Biden administration wants to avoid 5G mistakes in race to beat China on 6G

The White House seeks to shape next-generation telecommunications standards and technology before falling behind to Beijing.
Deputy National Security Advisor for Cyber and Emerging Tech Anne Neuberger speaks during a press briefing at the White House on February 18, 2022 in Washington, DC. (Alex Wong/Getty Images)

The United States is aiming to shape the development of 6G telecom technology at an early stage of research and development and to avoid letting China build up an early lead in next-generation telecommunications, a senior Biden administration official told reporters ahead of a Friday summit on 6G.

“We want to take the list of lessons we’ve learned from 5G, about the importance of early involvement and resilience, and to drive an approach to 6G that optimizes performance, accessibility, and security,” Anne Neuberger, the deputy national security advisor for cyber and emerging technology, said on a call with reporters Thursday.

Because 6G remains at the research and development stage, “we’re at the stage where we can shape and develop that,” Neuberger said.

Hosted by the National Science Foundation, Friday’s summit will bring together members of the private sector, civil society, and allied nations to discuss topics around 6G, including workforce, federal funding, and standardization. The summit is the latest example of Washington’s attempt to win the race against China in developing a range of emerging technologies seen as key to national security.


Getting caught flat-footed on 6G would give dominance to “adversaries who have shown a willingness to provide the market by offering distorted incentives, so they can achieve their goals of compromising our security,” a senior administration official said during the call.

The United States learned that lesson the hard way after China dominated the global roll-out of 5G infrastructure by offering subsidies to Huawei that let the Chinese telecommunications giant undercut its Western competitors in selling 5G telecommunications gear around the world for competitive prices.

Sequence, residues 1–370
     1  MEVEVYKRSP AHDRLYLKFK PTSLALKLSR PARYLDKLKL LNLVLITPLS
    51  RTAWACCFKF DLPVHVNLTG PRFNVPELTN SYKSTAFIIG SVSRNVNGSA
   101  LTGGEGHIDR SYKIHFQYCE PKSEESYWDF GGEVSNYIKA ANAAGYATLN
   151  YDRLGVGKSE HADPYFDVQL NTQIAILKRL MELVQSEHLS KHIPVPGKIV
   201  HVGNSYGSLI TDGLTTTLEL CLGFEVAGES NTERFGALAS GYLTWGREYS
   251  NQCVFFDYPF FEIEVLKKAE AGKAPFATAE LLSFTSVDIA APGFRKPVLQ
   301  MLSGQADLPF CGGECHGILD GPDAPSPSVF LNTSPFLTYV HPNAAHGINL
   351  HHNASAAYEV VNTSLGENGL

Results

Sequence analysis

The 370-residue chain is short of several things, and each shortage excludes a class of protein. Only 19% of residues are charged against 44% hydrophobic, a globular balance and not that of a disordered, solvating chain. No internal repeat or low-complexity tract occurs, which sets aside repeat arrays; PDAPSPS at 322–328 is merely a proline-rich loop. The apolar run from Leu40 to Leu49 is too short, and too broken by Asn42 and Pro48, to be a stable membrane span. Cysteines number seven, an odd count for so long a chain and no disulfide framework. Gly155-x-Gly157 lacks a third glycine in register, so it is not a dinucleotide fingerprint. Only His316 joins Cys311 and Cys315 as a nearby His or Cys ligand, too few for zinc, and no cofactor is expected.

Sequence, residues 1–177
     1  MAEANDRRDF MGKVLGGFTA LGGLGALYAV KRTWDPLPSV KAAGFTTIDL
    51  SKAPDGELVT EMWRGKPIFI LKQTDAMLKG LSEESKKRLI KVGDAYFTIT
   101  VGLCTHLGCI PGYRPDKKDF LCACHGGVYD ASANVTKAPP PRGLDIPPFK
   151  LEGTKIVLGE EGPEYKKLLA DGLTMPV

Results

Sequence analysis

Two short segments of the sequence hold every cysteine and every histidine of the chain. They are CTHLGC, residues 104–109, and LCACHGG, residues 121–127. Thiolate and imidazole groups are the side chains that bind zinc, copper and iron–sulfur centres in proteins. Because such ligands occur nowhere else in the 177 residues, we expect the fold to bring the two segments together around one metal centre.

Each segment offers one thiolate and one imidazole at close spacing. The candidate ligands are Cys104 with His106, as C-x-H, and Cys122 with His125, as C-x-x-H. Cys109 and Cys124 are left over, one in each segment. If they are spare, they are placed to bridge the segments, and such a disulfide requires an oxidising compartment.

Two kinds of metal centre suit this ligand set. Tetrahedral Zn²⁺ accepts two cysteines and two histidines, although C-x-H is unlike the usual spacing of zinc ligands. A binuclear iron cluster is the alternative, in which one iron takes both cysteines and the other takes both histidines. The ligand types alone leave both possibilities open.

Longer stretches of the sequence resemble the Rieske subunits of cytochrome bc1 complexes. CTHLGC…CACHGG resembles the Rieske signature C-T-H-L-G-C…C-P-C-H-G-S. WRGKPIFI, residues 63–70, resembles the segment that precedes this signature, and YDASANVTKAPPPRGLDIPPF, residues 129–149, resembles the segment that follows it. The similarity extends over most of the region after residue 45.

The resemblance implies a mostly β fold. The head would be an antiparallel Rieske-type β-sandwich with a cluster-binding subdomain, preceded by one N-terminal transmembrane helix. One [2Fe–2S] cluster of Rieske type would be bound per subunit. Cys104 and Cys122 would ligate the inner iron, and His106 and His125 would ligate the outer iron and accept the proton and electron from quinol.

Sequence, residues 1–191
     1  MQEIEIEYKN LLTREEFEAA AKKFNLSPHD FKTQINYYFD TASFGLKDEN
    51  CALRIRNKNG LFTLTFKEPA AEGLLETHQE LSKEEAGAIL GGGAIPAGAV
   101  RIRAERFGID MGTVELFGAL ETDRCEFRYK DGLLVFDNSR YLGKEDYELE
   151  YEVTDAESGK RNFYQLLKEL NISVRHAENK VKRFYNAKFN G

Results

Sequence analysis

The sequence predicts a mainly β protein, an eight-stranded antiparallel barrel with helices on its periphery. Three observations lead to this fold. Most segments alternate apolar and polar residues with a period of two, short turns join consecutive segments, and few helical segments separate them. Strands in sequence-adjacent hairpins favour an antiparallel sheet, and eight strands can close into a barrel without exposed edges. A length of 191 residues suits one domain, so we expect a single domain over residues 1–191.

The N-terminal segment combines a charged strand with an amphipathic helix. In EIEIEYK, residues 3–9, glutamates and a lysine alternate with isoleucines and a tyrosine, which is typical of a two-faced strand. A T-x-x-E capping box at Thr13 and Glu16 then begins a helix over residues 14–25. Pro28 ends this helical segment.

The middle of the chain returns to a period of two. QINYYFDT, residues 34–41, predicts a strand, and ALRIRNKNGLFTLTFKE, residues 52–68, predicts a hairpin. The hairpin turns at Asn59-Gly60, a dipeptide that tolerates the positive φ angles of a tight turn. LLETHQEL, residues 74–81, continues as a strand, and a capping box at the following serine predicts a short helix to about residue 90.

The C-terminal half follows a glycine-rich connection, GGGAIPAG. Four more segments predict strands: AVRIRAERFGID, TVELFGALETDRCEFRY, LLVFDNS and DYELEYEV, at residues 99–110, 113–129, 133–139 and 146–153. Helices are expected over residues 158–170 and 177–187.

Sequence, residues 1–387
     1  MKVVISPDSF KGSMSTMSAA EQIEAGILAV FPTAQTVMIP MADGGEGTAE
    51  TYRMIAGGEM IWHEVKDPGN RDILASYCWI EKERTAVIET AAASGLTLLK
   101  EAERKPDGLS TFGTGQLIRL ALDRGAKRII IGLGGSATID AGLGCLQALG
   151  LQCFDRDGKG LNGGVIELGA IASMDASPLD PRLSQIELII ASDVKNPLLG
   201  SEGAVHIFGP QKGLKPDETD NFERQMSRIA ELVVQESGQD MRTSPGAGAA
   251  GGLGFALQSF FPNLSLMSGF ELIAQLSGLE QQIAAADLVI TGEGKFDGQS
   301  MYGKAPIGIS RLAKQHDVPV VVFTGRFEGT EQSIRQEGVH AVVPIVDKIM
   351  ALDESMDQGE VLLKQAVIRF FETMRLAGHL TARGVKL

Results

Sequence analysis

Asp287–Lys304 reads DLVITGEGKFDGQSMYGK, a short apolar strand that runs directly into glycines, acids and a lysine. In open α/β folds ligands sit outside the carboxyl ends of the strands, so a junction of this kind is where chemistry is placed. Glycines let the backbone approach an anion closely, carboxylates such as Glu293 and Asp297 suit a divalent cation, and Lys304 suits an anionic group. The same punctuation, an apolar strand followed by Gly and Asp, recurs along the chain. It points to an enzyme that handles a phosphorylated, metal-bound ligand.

The United States banned the firm’s equipment domestically over concerns of Chinese spying, but getting other countries to follow suit has been an uphill struggle for the U.S. government.

The senior official noted that dominating the telecom market gives China an advantage in spying and potentially disrupting another nation’s communications during a conflict or crisis, which experts warn could happen if China decided to attack Taiwan.

Friday’s summit aims to bring together private and public sector players in the telecom industry to help shape standards and technology for 6G with a view toward preventing a repeat of China’s dominance of 5G. Among those in attendance will be Federal Communications Commission Chairwoman Jessica Rosenworcel and the National Telecommunications and Information Administration’s Alan Davidson.


The official didn’t rule out collaborating with China on 6G standards in the future. “If China is willing to work with us on that we’re very much willing,” the senior administration official said.

“Based on what we’ve observed that will be a challenge,” the official added. “We know what we need to have, which is secure open and interoperable networks.”

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